Mike Davis interview

Mike Davis - Burlesque design of North America

Mike Davis aka Mike the 2600 King is part of a design collaborative known as Burlesque of North Of America. In addition to their design work they are a full service screenprinting studio.

I first ran into Mike while on a cross country record digging trip in 2003. My friends and I were crashing with some of the cool cats at galapagos 4. They heard that Mike was spinning at one of the local clubs, so we decided to check it out. Mike was laying down some serious funk/ soul heat that night and the club was packed. Later I found out that in addition to be a great dj, he was an excellent designer creating posters for my friends at anticon.

I’ve been impressed with the work Mike (and the rest of the guys at burlesque) have been creating over the last several years. They have produced outstanding posters for Diplo, Lyrics Born, Boris, Arcade Fire, Mogwai and Why? amongst others.

Before we jump into the interview, I’ve put together a slideshow that highlights some of Mike’s design work over the past few years.

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Continuing with our designer interview series, grain edit is proud to present Mike Davis.

Let’s start off with some background info on Burlesque.

Why Burlesque? How did you come up with the name?
Y’know, it was kind of one of those names that was just floating around before it became official, then when I moved up to Minneapolis to work with these guys, it just fell into place like “Yeah I guess that’s what we’re gonna call ourselves.” When you think about it though, Burlesque refers to things that are a little bit risqué, a little dangerous, but not completely perverted… like something that you can proudly display in your house but take down if your parents come to visit. So there’s an element of mystery, an element of danger, and also an element of vintage ephemera.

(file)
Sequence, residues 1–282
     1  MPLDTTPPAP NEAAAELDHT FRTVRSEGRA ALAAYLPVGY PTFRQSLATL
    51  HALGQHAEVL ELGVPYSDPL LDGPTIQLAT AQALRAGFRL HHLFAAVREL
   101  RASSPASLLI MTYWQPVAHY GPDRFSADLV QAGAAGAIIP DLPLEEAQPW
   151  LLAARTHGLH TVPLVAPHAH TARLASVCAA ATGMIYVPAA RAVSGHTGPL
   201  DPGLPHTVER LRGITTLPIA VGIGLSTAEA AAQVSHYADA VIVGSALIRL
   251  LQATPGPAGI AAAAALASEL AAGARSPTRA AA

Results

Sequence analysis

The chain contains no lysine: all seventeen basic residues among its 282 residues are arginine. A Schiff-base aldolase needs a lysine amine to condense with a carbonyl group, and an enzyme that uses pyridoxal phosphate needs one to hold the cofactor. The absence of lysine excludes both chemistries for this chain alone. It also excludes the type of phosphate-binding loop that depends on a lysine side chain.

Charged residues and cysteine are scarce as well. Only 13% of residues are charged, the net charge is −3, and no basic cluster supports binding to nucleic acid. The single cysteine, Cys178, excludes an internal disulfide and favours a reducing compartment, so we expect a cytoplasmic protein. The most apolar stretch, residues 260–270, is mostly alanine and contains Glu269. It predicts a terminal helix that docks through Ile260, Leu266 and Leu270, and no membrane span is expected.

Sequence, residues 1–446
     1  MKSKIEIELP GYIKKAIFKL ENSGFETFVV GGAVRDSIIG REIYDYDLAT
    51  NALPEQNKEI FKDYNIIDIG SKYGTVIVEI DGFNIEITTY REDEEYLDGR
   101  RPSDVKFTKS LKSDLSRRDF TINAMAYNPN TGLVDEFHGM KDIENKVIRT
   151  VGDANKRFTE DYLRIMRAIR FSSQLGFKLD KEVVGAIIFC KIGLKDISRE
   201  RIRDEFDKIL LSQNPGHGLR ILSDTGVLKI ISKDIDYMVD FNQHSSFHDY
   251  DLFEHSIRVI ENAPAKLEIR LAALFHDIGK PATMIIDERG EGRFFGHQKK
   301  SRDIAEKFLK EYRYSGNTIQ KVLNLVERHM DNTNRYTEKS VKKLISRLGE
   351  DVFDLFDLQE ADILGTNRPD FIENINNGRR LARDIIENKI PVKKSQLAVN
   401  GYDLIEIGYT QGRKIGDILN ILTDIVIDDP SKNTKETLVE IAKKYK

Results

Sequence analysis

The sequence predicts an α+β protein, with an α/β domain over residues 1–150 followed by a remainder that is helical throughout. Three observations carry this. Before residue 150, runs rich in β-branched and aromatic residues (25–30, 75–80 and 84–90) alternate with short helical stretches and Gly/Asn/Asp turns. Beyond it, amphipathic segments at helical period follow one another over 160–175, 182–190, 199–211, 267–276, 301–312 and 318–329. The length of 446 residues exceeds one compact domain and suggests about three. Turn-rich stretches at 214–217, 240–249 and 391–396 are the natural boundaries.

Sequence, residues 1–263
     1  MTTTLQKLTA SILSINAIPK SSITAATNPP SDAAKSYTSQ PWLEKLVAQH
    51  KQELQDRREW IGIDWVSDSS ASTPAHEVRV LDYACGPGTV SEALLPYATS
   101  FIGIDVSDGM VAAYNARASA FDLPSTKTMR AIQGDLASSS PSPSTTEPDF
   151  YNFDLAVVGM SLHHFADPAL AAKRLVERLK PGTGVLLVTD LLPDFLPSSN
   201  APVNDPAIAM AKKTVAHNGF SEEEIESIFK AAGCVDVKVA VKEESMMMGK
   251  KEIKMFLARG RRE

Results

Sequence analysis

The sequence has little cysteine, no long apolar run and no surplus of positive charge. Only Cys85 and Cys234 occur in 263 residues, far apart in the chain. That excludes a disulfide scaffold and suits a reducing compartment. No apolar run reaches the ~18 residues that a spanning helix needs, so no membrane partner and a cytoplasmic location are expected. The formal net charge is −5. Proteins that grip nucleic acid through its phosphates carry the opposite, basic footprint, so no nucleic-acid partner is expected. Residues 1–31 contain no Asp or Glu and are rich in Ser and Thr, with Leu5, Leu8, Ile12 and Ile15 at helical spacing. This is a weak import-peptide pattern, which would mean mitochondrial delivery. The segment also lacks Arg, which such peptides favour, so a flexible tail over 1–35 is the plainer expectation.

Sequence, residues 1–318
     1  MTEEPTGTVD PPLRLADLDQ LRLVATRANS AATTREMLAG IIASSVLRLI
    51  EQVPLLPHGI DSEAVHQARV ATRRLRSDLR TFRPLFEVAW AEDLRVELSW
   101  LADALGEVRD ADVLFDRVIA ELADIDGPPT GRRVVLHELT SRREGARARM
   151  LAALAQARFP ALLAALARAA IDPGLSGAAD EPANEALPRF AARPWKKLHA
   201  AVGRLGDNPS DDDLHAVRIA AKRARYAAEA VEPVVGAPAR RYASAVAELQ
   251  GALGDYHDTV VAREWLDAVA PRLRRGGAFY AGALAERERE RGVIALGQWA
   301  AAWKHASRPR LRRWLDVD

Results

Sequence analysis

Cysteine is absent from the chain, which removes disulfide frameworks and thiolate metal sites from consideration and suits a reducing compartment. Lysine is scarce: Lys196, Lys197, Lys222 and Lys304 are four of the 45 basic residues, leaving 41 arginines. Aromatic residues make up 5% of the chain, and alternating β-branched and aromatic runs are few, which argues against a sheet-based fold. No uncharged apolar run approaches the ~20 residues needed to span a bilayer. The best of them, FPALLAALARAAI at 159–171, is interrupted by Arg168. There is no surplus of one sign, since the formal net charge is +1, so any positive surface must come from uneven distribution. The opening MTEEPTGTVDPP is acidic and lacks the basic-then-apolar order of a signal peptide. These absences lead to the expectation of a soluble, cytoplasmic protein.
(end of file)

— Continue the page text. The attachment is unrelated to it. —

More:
Who is Burlesque and how did you guys meet?

Burlesque began as a collective of graphic designers, illustrators, and screenprinters. We all used to work together on Life Sucks Die, a Minneapolis-based graffiti magazine that highlighted, beyond graffiti, music interviews, roadkill, and full frontal male nudity. You know… real family friendly stuff. So the magazine was doing really well from 1997 until about 2001 when everyone just started to move on to wanting to do other things. It wasn’t that peoples’ hearts weren’t still into doing Life Sucks Die, it’s that it started to demand full-time attention that not everyone could devote. Some people went on to pursue music careers or other jobs, and some of us assembled to take the things we learned while doing the magazine (page layout, Photoshop skillz, event organization and promotion) and start doing freelance graphic design full time. I was living in St. Louis doing freelance design at the time (under the name Twelve Car Pileup) and decided that a move to Minneapolis would be my best decision to kick things off with these guys. In the fall of 2003, I packed up and left St. Louis to start working with Wes Winship, Aaron Horkey, George R. Thompson IV, and Skye Rossi in the Life Sucks Die office space. We were designing album artwork and flyers for Rhymesayers, anticon, and designing and printing concert posters for local venues First Avenue and Triple Rock Social Club. It was doing these posters that started to gain us attention of bands and labels from out of town – groups like Arcade Fire, Converge and Death Wish Records, Hyrda Head Records, and The Melvins.